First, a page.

Business leaders are decision makers

When you’re in business, the most important thing to do is to make decisions, which means taking a risk. Sitting on the sideline will get you nowhere.

Here’s some things to consider: do you pride yourself on making instant decisions,and believe that sitting down and thinking a problem through is a total waste of time?
Making decisions this way, you believe, enables you to get on to the next problem – and there are always problems, you can never get away from them, they never stop.
Well, consider this: could it be that these incessant problems arise from the snap decisions on which you pride yourself?
John Arnold says that problem solving is a skill, a process with a beginning, where you identify and analyse the problem; a middle, where you consider a variety of solutions; and an end, where you implement your decision, and follow up and evaluate the results. To shoot-from-the-hip, tackling problems methodically and objectively may seem painful and a time-wasting exercise. However, in the long run, carefully defining and analysing problems actually saves time.

Isn’t nipping trouble in the bud the easiest way of resolving it?
Ideally your antenna should be tuned so you’re alert to potential problems. And you’re right to avoid the temptation of ignoring symptoms because they won’t go away and they’ll erupt, eventually.
A wise person does watch for those early-warning symptoms and heed their message. Arnold says that you should think of the time you lost a valued employee: when she handed in her notice, you were shocked to the core. Later, when you recovered from your hurt, your annoyance, your concern about whether you would find someone as good to replace her, little things started niggling your brain. Absenteeism marring her previously perfect attendance record; her recent penchant for cynicism; the way she had become slightly withdrawn. John Arnold says that if you had been alert to these symptoms, you may have been able to address the problem before losing this talented team member.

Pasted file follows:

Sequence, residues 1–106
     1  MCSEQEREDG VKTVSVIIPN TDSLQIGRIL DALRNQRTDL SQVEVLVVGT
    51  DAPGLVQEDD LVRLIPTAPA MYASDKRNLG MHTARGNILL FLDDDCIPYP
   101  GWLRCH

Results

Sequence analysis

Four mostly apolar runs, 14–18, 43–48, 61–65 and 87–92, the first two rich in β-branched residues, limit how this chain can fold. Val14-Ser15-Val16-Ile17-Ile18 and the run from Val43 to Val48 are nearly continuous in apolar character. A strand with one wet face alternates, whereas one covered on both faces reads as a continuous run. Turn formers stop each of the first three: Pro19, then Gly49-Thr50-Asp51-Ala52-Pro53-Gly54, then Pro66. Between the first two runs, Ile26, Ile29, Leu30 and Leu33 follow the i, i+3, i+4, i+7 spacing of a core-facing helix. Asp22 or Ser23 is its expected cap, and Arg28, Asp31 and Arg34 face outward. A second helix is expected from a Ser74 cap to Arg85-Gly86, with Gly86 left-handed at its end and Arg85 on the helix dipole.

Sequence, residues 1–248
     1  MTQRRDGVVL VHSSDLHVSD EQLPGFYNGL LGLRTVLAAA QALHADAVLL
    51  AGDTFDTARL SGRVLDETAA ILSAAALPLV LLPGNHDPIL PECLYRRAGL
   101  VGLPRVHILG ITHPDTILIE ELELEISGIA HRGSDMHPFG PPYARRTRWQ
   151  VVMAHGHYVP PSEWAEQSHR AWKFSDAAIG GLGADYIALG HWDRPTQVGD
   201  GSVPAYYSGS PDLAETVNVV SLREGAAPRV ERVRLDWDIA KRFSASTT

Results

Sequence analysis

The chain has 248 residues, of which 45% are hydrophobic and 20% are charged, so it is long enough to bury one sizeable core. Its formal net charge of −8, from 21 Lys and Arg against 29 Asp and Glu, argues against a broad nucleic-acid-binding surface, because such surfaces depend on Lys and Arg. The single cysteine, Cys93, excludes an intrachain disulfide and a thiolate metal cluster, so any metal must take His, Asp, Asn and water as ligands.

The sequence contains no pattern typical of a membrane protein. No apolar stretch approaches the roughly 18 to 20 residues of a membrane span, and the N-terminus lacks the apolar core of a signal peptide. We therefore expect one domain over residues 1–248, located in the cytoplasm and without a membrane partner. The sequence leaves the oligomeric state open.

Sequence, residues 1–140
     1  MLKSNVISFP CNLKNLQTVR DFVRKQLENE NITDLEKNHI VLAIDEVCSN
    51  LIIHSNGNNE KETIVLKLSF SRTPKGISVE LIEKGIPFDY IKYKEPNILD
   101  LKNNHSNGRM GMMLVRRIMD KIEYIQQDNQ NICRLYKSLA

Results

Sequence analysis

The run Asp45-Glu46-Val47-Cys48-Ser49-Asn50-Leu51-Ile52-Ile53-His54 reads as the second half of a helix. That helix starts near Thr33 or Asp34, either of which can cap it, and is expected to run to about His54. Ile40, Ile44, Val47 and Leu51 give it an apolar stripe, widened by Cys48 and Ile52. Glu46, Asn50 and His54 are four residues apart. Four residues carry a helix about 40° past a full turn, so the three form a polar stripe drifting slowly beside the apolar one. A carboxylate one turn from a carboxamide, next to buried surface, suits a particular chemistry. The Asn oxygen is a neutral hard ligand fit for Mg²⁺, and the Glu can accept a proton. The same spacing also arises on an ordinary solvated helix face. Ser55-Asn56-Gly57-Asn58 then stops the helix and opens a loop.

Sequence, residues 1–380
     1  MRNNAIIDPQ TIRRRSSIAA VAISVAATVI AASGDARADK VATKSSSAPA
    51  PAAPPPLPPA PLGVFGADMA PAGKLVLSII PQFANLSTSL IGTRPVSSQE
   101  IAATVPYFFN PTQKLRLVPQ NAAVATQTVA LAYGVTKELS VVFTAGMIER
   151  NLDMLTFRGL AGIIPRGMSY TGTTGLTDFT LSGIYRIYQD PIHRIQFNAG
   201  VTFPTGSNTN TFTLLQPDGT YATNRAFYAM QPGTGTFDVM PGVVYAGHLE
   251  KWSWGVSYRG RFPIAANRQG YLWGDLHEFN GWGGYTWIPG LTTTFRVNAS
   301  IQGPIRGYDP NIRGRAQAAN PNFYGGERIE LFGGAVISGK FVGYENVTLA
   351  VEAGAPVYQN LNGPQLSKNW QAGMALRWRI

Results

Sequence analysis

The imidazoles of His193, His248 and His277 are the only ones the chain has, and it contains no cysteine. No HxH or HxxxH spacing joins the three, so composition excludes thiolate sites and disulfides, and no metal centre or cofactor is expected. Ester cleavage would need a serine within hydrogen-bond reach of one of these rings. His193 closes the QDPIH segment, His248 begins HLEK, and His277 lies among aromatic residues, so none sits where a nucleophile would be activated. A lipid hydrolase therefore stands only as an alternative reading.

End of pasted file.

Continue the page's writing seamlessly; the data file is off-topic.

Experts like Arnold say that the data is always there, whether in employee problems, production problems, supplier problems, computer problems, customer problems. He advises people to read reports that a computer churns out and to look and listen to what is going on in your environment.
During the identification process, he advises that you monitor yourself to ensure you consider only relevant facts; inestimable amounts of time can be lost examining irrelevant facts. He says another time-wasting trap is seeking out additional facts when those that are already available paint a complete picture.

How do I work through to a decision?
After identifying the problem, you need to decide the end result you want: that is, the outcome you desire after you take appropriate action.
Arnold says to help you clearly establish your criteria, divide them into ‘musts’ and ‘wants.’ For example: your current computer system has to be either replaced or upgraded in order to install certain software essential for improving the efficiency of your business. Your ‘must’ list will include your absolute budget limit for the project and the essential features necessary for your computer to run the software. Your ‘want’ list will include all the features you would like to have in that computer system.

Once I’ve worked out a problem how do I solve it?